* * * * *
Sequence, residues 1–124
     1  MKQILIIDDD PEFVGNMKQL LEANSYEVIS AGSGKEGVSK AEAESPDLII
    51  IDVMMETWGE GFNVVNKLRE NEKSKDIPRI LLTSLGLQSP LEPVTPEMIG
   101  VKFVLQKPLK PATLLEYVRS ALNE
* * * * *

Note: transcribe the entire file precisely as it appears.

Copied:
Sequence, residues 1–124
     1  MKQILIIDDD PEFVGNMKQL LEANSYEVIS AGSGKEGVSK AEAESPDLII
    51  IDVMMETWGE GFNVVNKLRE NEKSKDIPRI LLTSLGLQSP LEPVTPEMIG
   101  VKFVLQKPLK PATLLEYVRS ALNE